Paul wrote 1 Timothy in order to encourage his young protégé in guarding good doctrine. In 1:3, he tell Timothy that he left him in Ephesus “so that you may charge certain persons not to teach any different doctrine.” The aim of this charge, this charge to guard right doctrine, is love (1:5). Paul, as an older man coming to the end of his life and ministry, tells Timothy that he has entrusted him with this charge (1:18). This “charge” to guard and teach correct doctrine permeates the first chapter of 1 Timothy, and is the theme of the entire book.

Beginning in chapter 2, Paul tells Timothy “first of all, then…” (1 Timothy 2:1). Paul is about to tell Timothy what comes first in this charge to guard right doctrine. Of all the elements that we might think are important in guarding right doctrine, what does Paul commend? “First of all then, I urge that supplications, prayers, intercessions, and thanksgivings be made for all people…” Paul begins with prayer. “If you want to get your doctrine right, Timothy, then pray. Intercede. Give thanks.”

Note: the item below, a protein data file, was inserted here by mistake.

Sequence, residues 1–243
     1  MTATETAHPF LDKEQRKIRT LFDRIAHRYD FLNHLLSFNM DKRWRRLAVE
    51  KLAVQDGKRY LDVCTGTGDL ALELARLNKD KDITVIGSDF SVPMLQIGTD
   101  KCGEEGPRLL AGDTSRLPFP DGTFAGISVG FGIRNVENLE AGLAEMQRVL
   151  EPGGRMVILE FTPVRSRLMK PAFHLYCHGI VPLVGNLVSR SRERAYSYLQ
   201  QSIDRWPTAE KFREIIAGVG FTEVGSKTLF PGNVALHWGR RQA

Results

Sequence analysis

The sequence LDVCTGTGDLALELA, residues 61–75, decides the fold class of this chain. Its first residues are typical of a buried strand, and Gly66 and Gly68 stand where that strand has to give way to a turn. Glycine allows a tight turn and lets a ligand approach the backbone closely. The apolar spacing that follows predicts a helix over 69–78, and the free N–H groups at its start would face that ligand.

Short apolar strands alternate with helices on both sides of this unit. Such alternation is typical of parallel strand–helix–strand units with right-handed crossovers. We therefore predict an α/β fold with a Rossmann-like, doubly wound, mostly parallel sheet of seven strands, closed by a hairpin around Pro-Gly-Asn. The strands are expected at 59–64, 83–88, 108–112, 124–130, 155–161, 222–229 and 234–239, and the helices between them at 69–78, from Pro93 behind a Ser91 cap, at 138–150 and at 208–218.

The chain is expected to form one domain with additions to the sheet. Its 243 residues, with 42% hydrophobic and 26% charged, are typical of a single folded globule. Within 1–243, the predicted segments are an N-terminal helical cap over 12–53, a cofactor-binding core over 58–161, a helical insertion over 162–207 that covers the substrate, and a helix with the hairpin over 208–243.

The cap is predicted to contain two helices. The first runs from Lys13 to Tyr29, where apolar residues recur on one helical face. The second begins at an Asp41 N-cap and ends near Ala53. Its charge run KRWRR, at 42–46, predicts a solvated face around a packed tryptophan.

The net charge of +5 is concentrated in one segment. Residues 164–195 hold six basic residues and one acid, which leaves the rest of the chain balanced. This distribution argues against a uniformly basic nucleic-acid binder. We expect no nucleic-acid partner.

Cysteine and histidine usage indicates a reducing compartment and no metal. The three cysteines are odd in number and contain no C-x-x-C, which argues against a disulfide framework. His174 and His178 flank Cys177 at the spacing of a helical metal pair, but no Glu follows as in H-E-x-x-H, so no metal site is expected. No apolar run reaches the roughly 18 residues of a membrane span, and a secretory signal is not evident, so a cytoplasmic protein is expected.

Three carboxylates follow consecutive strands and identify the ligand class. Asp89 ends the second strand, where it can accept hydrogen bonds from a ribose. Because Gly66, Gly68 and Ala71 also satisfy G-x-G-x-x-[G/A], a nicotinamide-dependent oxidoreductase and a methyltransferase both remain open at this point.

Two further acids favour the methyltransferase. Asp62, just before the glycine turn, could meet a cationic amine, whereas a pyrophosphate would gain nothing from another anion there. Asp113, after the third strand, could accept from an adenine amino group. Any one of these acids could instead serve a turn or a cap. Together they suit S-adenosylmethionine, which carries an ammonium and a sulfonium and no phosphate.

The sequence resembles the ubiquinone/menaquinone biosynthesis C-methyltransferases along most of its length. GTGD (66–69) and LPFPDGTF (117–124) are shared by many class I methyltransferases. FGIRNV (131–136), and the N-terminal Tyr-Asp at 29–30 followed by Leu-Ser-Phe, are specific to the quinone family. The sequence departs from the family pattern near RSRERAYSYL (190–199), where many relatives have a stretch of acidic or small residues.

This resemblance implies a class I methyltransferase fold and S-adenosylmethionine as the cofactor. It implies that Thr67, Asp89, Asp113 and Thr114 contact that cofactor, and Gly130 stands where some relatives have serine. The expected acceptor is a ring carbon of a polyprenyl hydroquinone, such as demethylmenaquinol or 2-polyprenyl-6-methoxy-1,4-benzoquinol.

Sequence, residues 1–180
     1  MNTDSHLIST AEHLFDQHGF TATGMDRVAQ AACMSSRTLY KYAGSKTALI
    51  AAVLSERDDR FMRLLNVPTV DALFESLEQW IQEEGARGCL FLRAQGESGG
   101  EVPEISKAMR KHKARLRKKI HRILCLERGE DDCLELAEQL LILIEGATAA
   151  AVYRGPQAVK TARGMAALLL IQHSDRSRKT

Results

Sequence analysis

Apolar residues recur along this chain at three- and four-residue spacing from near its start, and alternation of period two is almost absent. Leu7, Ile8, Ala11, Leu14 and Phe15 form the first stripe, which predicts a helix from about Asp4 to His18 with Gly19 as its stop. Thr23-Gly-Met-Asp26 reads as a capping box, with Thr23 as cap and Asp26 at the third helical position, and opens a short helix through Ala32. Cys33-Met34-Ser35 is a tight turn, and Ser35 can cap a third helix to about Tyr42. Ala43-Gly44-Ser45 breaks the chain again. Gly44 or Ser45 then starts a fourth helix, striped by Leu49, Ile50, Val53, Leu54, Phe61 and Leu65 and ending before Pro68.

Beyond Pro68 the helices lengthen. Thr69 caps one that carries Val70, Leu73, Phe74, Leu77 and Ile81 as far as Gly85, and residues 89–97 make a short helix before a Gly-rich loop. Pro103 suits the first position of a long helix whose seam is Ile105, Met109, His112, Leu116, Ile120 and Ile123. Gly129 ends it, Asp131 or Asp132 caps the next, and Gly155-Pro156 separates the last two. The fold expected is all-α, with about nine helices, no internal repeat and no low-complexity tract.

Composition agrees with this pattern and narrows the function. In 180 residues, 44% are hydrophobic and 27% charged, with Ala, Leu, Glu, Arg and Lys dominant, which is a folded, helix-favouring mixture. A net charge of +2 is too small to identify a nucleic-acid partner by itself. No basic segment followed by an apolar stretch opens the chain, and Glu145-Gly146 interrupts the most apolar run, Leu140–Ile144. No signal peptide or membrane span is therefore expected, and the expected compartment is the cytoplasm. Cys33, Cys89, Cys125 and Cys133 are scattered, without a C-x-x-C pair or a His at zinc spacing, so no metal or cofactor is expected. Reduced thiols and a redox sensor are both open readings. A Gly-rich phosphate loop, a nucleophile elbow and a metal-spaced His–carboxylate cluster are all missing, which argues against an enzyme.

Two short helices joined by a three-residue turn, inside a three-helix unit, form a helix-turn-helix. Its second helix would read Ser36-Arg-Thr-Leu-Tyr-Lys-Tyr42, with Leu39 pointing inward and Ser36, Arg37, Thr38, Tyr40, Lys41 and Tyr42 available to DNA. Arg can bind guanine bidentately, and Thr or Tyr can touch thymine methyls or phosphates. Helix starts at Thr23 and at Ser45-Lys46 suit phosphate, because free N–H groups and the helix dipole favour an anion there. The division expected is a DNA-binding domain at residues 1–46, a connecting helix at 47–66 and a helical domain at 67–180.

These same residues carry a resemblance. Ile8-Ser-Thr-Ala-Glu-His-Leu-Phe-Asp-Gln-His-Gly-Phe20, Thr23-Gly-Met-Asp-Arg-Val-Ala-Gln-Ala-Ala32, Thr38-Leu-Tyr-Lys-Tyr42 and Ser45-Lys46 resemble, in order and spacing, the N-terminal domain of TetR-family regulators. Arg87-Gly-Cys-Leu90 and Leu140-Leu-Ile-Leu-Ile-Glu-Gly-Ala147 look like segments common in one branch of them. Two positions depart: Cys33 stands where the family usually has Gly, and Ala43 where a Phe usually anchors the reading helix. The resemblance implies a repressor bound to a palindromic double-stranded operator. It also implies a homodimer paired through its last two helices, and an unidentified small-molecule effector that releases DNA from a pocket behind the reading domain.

This is a challenge to me. On any given day, I get asked about a dozen questions on some point of theology or on some verse of Scripture, and a good few of those turn into longer discussions. I want to be the kind of man, the kind of teacher, the kind of Christian who asks God to bless and guide me as I enter into these conversations.

Imagine with me what would happen if you and your conversation partner stopped to pray each time your talk turned to the Bible or theology. Wouldn’t you be less prone to argue? Wouldn’t you endeavor more closely to understand an opposing point of view? Wouldn’t you want to build your brother or sister up more than you want to be right?

I think the reason that Paul exhorts Timothy in this way is that prayer, unless it is offered insincerely, is a necessarily humbling task. When we pray, we admit that we don’t have what we need. When we pray, we admit that we aren’t the solution to all our problems. A person cannot rightly pray to God and remain proud. This humility, then, infects our theological discussion.

At the School of Discipleship, we take seriously our charge to guard right doctrine. By the mercy of God, our students will leave at the end of this summer equipped not only to defend their faith, but to model it with humility and grace.